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Author Topic: Beginner Pattern overhead 8  (Read 2154 times)

Online gene poremba

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Beginner Pattern overhead 8
« on: July 08, 2017, 01:26:12 PM »

 I am learning the beginners pattern, (at 59yrs old) :) My question is on the overhead 8 ,once I'm overhead, do I fly the inside portion of the 8 first or do the outside part first, or doesn't it matter? I have watched several videos on u tube etc and see beginners doing it both ways. What is correct? I have flown it both ways and I would like to practice it correctly. Also on the horizontal 8, I am being told to fly the AMA 8., once again, I see beginners flying both the AMA 8 and a lazy 8. I can fly both, but want to fly the pattern correctly. I guess its never too late to learn the pattern! thanks.....Gene

Online Dan McEntee

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Re: Beginner Pattern overhead 8
« Reply #1 on: July 08, 2017, 01:38:14 PM »
I am learning the beginners pattern, (at 59yrs old) :) My question is on the overhead 8 ,once I'm overhead, do I fly the inside portion of the 8 first or do the outside part first, or doesn't it matter? I have watched several videos on u tube etc and see beginners doing it both ways. What is correct? I have flown it both ways and I would like to practice it correctly. Also on the horizontal 8, I am being told to fly the AMA 8., once again, I see beginners flying both the AMA 8 and a lazy 8. I can fly both, but want to fly the pattern correctly. I guess its never too late to learn the pattern! thanks.....Gene

   Hi Gene;
  Makes no difference how old you are, just remember that we all have been where you are, just at a different age maybe! At least you are getting up off your butt and DOING something that you enjoy  and that says a lot about you!
   As far as the over heads, do them as described in the full AMA pattern description. It's no harder than any other way, and you may as well get used to it. From your description, you sound like you already have a good grasp of how to perform the maneuver, and have the desire to practice it correctly so you won't have to relearn anything, so run with that. Just pull up into the vertical climb from level flight, up wind in front of the judges. Then do the first inside loop, then the outside, then inside again, then outside and exit like you are completing a wing over. Pull out as nicely as you can at 5 feet. Do the horizontal 8 as described also. You will be miles ahead on learning the whole pattern and be getting good practice at hitting the intersections and such. Do everything the same way as you practice, time each flight as if it were a contest flight, and get to know your power plant as best you can. That all breeds confidence in yourself, your presentation, and that helps you progress and get better scores.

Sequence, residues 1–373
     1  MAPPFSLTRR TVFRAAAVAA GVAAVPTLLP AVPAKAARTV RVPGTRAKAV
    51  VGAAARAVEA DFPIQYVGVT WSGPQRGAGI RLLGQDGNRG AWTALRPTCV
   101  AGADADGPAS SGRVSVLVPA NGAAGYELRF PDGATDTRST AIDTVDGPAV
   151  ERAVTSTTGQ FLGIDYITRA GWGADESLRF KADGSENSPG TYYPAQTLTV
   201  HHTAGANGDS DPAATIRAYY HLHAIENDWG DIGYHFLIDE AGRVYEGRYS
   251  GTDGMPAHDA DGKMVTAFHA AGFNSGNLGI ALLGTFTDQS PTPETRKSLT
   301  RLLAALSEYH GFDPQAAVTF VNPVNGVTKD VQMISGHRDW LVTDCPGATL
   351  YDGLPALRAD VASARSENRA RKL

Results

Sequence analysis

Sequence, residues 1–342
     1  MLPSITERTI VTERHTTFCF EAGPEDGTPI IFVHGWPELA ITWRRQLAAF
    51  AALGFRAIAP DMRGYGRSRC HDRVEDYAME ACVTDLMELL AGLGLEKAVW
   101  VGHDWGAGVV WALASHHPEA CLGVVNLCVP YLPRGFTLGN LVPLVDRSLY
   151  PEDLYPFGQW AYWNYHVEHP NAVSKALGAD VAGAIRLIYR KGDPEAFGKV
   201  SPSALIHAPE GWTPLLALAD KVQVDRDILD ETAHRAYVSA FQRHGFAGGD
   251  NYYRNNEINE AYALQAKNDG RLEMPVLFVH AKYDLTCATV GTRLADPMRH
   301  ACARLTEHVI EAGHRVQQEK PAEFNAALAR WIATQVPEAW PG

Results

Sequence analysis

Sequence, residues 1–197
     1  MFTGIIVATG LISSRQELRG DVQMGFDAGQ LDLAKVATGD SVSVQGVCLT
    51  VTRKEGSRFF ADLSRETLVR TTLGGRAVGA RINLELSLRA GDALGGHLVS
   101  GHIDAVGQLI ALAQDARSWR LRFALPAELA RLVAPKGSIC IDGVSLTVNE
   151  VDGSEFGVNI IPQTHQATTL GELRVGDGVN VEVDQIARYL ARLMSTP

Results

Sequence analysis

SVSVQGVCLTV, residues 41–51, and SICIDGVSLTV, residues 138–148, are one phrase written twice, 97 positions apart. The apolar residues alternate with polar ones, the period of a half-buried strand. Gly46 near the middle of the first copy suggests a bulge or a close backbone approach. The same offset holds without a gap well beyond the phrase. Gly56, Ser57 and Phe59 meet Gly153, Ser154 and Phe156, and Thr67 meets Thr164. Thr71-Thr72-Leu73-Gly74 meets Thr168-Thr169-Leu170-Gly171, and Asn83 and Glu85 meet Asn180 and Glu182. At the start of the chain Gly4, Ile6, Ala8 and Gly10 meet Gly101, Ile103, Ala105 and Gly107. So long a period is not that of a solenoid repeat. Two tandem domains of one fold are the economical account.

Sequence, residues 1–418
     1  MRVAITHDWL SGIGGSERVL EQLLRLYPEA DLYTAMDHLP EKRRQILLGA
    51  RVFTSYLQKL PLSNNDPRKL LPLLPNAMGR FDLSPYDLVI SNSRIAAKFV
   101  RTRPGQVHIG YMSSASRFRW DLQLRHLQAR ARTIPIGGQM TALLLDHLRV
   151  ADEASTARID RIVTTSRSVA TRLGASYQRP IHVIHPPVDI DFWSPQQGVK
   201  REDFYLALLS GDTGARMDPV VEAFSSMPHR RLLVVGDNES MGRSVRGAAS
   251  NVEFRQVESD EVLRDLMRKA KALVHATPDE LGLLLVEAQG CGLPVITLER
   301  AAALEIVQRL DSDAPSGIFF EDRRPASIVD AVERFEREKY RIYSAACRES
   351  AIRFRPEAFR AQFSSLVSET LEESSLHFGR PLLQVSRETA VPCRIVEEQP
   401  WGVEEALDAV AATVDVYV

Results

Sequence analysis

Good luck and have fun!
  Dan McEntee
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Online Brett Buck

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Re: Beginner Pattern overhead 8
« Reply #2 on: July 08, 2017, 02:46:48 PM »
I am learning the beginners pattern, (at 59yrs old) :) My question is on the overhead 8 ,once I'm overhead, do I fly the inside portion of the 8 first or do the outside part first, or doesn't it matter? I have watched several videos on u tube etc and see beginners doing it both ways. What is correct? I have flown it both ways and I would like to practice it correctly. Also on the horizontal 8, I am being told to fly the AMA 8., once again, I see beginners flying both the AMA 8 and a lazy 8. I can fly both, but want to fly the pattern correctly. I guess its never too late to learn the pattern! thanks.....Gene

   Start upwind, go into vertical climb. When you get to the top, do one complete inside loop, and that will get yo back to directly overhead, then immediately transition to an entire outside loop, inside loop, outside loop, and then come straight back down on the downwind side of the circle.

     There are a number of issues people typically have. The most obvious and common is to start too early (partly because Gentlemen of a Certain Age cannot lean back far enough to keep it in sight if you put it where it is supposed to be) and have the maneuver turn out too low, or out in front of you.  One of the problems with that is that this puts the loops on the upwind side of the circle where it tends to hurt the line tension. A second issue (sometime caused by the first( is making the loops WAY too big, like down to 15-20 feet at the ends of the loops. The entire maneuver is intended to take place above 45 degrees elevation. This is caused, usually, by lack of line tension. It is generally to your advantage to get it directly overhead, or even past overhead, than to have it in front of you, so learn to bend back as far as you can.